So, what is our final verdict on the Enskate R3 Mini?

I hope that by this point it’s plenty obvious that the R3 Mini isn’t made for punishing terrain or group rides. It’s made for a very specific purpose, last mile commutes on a sidewalk. So, is it good for that? Yes. It’s a polished short board that rides comfortably and isn’t a chore to lug around.

Is it the best campus board for $399? It really depends on your situation, other budget shortboards like the Meepo Mini 2 are every bit as good and have 2 times the battery size, but like Uncle Ben says, with great power comes… greater weight. There is a reason we DIY-ed a 10s1p crappy shortboard after all.

If you are interested in buying an Enskate, be sure to check out our affiliate discount link here and uses code: “ESKATEHQ” during check out.
It will help you get a small monetary discount and helps us out too. On top of that, you’ll be tagged as an Electric Skateboard HQ customer and probably be treated better. Cheers!

Ride Your Own Path: How I Picked the One Wheel as my First E-Skate

Hello dear readers, Electric Skateboard HQ’s newest writer here!

For my first article, I would like to take you down the journey of how I decided on purchasing my first electric board, but first, a little background about me. I have been riding, sliding, and racing skateboards for over 8 years now. From racing (and crashing) in competitive events to running from cops in the dead of night, skateboarding has left an indelible mark on my life and become one of my favorite activities, and far and away, most preferred method of locomotion.

(Me freeriding a local spot in 2010, please excuse the neon-green laces, it was a different time)

I am of the (rather strong) opinion that skateboards are a strict improvement over walking, and that, if everyone in the world learned to skate, we could solve most of our travel infrastructure problems instantly. As a Bostonian, I have found myself racing people in cars, buses, bikes, and even trains to get around the city and have always found skateboarding to be as fast, or often faster, than these more cumbersome modes of transportation, if slightly more dangerous.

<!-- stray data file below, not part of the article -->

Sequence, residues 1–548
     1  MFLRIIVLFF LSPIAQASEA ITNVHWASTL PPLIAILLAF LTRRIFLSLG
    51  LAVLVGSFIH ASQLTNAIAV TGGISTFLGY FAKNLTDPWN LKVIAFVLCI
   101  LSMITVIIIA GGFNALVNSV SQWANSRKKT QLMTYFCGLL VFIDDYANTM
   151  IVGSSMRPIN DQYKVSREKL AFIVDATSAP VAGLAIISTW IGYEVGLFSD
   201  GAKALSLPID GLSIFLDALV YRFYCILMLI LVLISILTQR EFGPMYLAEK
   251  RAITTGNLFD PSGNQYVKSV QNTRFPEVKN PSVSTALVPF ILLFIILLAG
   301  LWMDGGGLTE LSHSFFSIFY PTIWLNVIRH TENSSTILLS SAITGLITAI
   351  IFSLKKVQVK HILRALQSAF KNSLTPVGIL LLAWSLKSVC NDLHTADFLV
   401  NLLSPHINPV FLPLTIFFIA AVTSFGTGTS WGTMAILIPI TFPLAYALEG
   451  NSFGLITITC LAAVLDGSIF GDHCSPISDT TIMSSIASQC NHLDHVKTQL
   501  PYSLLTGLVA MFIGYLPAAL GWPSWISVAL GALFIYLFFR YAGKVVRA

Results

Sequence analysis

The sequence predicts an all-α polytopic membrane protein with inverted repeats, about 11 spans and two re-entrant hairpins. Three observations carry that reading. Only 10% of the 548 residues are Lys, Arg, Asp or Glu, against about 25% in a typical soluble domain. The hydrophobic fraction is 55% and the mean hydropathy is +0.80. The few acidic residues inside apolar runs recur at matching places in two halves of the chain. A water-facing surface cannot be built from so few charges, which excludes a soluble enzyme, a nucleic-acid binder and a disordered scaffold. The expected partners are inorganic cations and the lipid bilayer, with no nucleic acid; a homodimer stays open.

But Why Skate?

Skateboards are light; you can bring them with you into most businesses and forms of public transportation. A wise man once said, “Why sit in a thing that runs on money and makes you fat, when you could be having fun commuting on something that runs on fat and saves you money?” On top of that, skating can be a very sophisticated form of self-expression. From wheels, trucks, and board cosmetics, to choice of gear* and even the style in which you ride, there is something about skating that lends itself to having a rich culture and identity element, much more so than biking or driving a car.

(*As long as you are wearing flannel. Always wear flannel.)

With all of this said and done, skating does have some shortcomings:

  1. You can do it in the rain, but you will be miserable
  2. Long distances can be very tiring and make you arrive at work dirty and sweaty
  3. Riders are confined to paved roads

As a skate-commuter, all of these factors had begun to wear on me. I hated having to walk to work in the rain or keep a separate set of clothes at work to change into when I arrived. At this point, I noticed that eSkateboards were really beginning to explode in popularity. I started to see yuppies zipping around Cambridge on the new Boosted Boards, and kickstarters popping up regularly for boards with more range, power, and speed.

Sadly, I couldn’t bring myself to pay the high prices of these new eSkates, not because I disliked the specs, but as a former skater, I noticed the low quality of the components. No way was I going to pay above market price for a Loaded Vanguard and some O-Tang wheels! I had much better setups at home. (At this point let me pause and say, that if Boosted partnered with Rayne or Landyachtz to make an electric Killswitch or Evo, I would throw my wallet at them faster than Predator Banshee can get off the line.)